How to Come Home

Homecoming. It’s something that so many of us look forward to, especially when we’ve been away for an extended period of time. But how do we come home to a place that has inevitably changed while we were gone? How do we come home when we’re no longer the person we were when we left?

I came home to Pittsburgh for two weeks this year after having been away for 512 days. And it wasn’t until I threw myself in the arms of my best friend at the airport, relieved sobs wracking my body, that I realized just how much that time, both in terms of the number of actual days and the magnitude of the separation, had affected me. For some people, a year and a half away may be nothing. I thought I was like that. My tears proved me wrong.

Though I was happy beyond belief to be home again, it soon became apparent just how much things had changed. It’s amazing the tiny little details you forget, when once they’d been things you’d known so well that you didn’t even think of them. You forget that you have to give the front door an extra nudge so that the bolt fully catches when you lock it. You forget the security code to open the garage door. You forget the way the speakers in the car don’t handle bass so well, so your music is constantly a bit fuzzy.

And then there are things that are just as jarring, because they haven’t changed at all. The kids you went to high school with, no matter where they are now, go to the same bars when they’re home. The blemish on the kitchen table from the time you spilled nail polish remover is still there. Your dad still wears the same sweaters, even when your mum has tried to throw them away half a dozen times.

Even if the changes and the constants don’t affect you, coming home always makes you feel a little off. You feel like you’ve been “out of the loop,” or while you might speak the same language as everyone, the dialect you use is just a little bit off. People reference inside jokes and events that other people smile and nod in response to; you can’t do anything but sit there and smile blankly, acting like you know what they’re talking about.

Because I live abroad, I’d largely been living under a rock when it came to American pop culture, especially when it comes to music. (My go-to example for this: I’ve never heard “Call Me Maybe.” Make of that what you will.) Imagine Dragons, The Lumineers, and Of Monsters and Men had been playing through my headphones for months, and I’d honestly thought I’d been ahead of the curve in my affinity for them. The first times I heard “It’s Time,” “Ho Hey,” and “Little Talks” on the radio were a bit of a rude awakening. And it went the other way, too. I lost count of the number of times a song would come on the radio and I’d stare blankly at my sisters as they sang along. I felt a bit like those stereotypical out-of-touch parents you see in sitcoms. “Is this that ‘dancing in the moonlight’ song?” I’d ask whenever “Domino” came on. And any time I did know a song, I felt like Captain America in The Avengers, surprised that I’d actually known something. (One thing I hadn’t missed about American music, though? The repetitiveness. By the time I left, my Pavlovian response to hearing the opening bars of Taylor Swift’s “I Knew You Were Trouble” was to lunge desperately for the radio to change the station.)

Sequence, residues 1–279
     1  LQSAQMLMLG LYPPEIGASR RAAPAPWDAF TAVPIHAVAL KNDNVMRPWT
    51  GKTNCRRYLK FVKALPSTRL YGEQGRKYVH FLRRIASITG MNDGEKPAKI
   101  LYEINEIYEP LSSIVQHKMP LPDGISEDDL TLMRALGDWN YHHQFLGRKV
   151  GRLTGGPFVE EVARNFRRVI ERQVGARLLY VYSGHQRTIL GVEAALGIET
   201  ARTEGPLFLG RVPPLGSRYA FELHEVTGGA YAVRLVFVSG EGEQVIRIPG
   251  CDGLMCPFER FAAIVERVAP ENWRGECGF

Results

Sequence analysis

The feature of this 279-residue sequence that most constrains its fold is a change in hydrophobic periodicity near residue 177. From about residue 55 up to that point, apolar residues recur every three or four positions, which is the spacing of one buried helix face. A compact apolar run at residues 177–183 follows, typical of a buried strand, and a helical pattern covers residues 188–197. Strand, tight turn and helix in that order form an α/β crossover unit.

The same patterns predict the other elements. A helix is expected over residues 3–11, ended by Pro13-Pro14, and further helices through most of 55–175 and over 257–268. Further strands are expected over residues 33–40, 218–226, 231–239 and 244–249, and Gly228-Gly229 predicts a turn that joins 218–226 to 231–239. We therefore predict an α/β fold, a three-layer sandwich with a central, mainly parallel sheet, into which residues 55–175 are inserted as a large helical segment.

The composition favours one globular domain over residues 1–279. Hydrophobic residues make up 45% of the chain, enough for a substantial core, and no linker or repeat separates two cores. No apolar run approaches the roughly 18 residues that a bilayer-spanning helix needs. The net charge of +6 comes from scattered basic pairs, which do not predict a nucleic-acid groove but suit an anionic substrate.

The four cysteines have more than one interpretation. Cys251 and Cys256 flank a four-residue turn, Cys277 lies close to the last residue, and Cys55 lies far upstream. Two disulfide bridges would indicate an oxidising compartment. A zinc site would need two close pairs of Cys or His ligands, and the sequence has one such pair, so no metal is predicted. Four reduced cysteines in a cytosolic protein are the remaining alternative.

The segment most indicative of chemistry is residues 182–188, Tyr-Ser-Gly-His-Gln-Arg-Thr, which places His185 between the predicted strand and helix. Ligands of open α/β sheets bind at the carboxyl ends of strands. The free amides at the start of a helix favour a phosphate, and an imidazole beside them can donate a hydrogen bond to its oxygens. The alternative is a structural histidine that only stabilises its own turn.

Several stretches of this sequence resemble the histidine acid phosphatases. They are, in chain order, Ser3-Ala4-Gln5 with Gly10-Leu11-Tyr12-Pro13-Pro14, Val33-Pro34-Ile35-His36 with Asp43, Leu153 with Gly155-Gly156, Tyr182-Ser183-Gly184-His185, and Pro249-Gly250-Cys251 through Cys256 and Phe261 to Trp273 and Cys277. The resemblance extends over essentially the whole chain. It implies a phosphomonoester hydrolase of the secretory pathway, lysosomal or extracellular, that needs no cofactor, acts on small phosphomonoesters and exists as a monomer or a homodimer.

When you’ve been away, your timeline gets fuzzy. You can’t remember if the neighbors next to your grandparents cut down the tree in their front yard two years ago or ten years ago. You ask friends, “Are ______ and _______ still together?” only to be told that they broke up during senior year in college. Events that once stood out starkly from each other are now lumped together into one big, messy past that’s difficult to pick through.

You can’t help but reference your time away. It was instinct to compare things in America to their counterparts (or total lack thereof) in Aomori. At first, people are interested and happy to hear about your new, different life. But as time passes, you start to see their annoyance or exasperation from the constant comparisons you can’t help but make. You see a twinge of hurt when you refer to that new place of residence as “home,” rather than where you are currently.

To come home from another home is a weird feeling, because people expect you to be the person you were when you left, and that’s impossible. You expect things to be exactly the same as when you left, and that’s impossible. Maybe it’s impossible to even truly come home once you’ve gone away because of those changes. Coming home is strange, because now that place is just a tiny bit less of a home.

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